Despite our comfortable room we awake early, not feeling that well rested, knowing we have a big and particularly remote day ahead. Having checked with José on arrival, we’d determined that the Assif Melloul river gorge was passable, just! The word ‘river’ in Berber, the local first language of the mountains, is assif and in tight mountain canyons such as these they are notorious for flash floods that can submerge and wash away roads and tracks with terrifying speed – we had been warned!
We ride along the floor of the gorge, crunching through deep gravel lifting our front wheels over occasional small boulders, which makes for some technical riding, not to mention deft balance – tricky when carrying so much weight, but deeply satisfying. The gorge is a glorious spectacle, soaring upwards hundreds of feet on both sides, its orange and ochre cliffs ensconcing us tightly as the rapids of the azure water pummel their way along. After a few miles we realise what José meant when he said a bit of the route is a ‘little tricky’: it was under 3 feet of fast-flowing water! We make our way through, pushing the bikes, their rear wheels being whipped sideways by the current. After crossing we sit down for a breather and I tell the guys that was why I’d insisted we keep all our gear in dry bags, and then reveal that I had opted not to show them a photo I’d found on the internet of a group wading through the very same river and portaging their bikes above their heads – which doesn’t go down very well. Oops, bad move, Jon. I try to reassure Shaun and Steve that this was the only thing I haven’t told them, which is true.
We emerge from the gorge into baking heat. I push ahead, up a gravel track away from the river, remembering how I’d ridden in the mountainous deserts of Mexico with far heavier bags and been fine – except I’m not as fit or as acclimatised to the heat now. It isn’t long before I am exhausted, staggering off the bike to some tree cover and feeling sick: heat exhaustion!
It’s at this point we realise we’re all running very low on water. We’ve been climbing for about 30 minutes. We consider whether the way ahead could have water, looking at the terrain on the map – maybe, maybe not… With very few villages ahead (and some villages on our map have turned out to be abandoned) we make the frustrating decision to go back the way we’ve come, losing height, to meet the last stream we crossed. We fill up using our water filters, taking on as much as we can carry (about a gallon each), and then, with brutal swiftness, a thunderstorm sparks into action around us, to add to the drama!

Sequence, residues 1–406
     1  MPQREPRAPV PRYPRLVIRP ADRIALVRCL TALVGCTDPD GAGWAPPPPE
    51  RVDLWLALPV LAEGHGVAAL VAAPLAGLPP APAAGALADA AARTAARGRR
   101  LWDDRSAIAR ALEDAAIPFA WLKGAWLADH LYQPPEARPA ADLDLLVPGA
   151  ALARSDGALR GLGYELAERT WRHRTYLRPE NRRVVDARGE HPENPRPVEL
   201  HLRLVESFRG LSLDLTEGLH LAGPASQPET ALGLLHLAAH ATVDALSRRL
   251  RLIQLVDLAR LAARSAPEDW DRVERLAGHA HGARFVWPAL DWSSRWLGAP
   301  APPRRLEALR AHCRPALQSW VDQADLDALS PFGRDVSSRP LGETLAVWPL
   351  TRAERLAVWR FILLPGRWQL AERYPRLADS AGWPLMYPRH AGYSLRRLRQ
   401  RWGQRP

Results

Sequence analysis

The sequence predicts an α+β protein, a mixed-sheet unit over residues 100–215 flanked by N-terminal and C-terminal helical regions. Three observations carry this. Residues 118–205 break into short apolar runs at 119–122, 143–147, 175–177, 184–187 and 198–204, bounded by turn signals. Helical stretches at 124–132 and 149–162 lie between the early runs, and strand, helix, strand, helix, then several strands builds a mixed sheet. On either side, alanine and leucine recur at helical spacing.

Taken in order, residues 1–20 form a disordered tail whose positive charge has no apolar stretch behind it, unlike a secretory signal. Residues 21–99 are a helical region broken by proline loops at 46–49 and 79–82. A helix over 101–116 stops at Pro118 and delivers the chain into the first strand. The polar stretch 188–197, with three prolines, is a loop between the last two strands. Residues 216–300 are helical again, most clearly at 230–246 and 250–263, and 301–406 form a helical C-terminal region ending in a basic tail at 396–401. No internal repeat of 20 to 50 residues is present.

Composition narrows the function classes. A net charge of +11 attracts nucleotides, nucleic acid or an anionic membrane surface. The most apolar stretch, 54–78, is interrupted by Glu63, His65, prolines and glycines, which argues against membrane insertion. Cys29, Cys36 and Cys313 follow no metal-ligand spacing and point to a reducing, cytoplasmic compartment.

I am at least now nicely cooled from the rain, but still in a pretty bad way. I make desperately slow progress uphill, Shaun gallantly hanging back to encourage me. We stop every half hour or so for food – I have a recollection of being slumped onto my knees in gravel, cold water streaming down my face from the deluge, hunched over a tin of sardines that I’m shovelling it into my mouth with my fingers, trying not to gag as I know I need to eat to keep going. The others are finding it tough too – the climb goes on for hours with no let-up. And after the intense heat earlier, we’re now trying not to get cold. Holiday? This is a sufferfest!
A significant deadline at work just before leaving, along with all the planning, meant I started this trip pretty shattered. Shaun had also been dogged by the demands of work and was pretty knackered too. And of course, poor Steve with his still healing broken arm, was arguably the most challenged of all. Together we made quite a bunch, but we were hanging in there…
On and on we toil, upwards, in the rain and into the cracks of thunder, through the pine forest. At times, and this is very unlike me, I walk and push the bike. We all do. Despite the rain we don’t pass anywhere we could pick up water, so we’d made the right decision there then! After what seems like an age we eventually reach the pass. It’s 8:30pm and we still have a way to go.
Steve is doing okay spinning along beside me, and I’m feeling a little brighter, those sardines clearly worked their magic! Shaun is starting to feel a real chill, so pushes on ahead to try to warm up. Finally, around 10pm, in almost pitch black, we arrive at Dar Ahansal. Now shivering, Shaun makes a dash for the, thankfully, gloriously hot shower – he can’t remember getting this cold in a long while. I’m in one of those drunken-feeling tiredness hazes, which I occasionally get after a monumental effort, and Steve is also pretty beat.
There are a dozen or so French tourists staying, plus a friendly American who is coordinating volunteer activity, including building wells and washing facilities. While our accommodation is grand (a dar is a traditional Moroccan house, generally smaller than a riad with no courtyard) the area is still poor. During the whole day we only passed a handful of construction workers, and while we could occasionally hear distant voices up in the hills, we didn’t see another soul until we neared Dar Ahansal.
As I wait for the shower we chat to the French and, thinking only that I must get out of these wet clothes, I whip down my cargo shorts. Luckily the Lycra undershorts I’m wearing stay in place! Tired brain and body. And one of my hardest days on a bike. Dinner. Bed.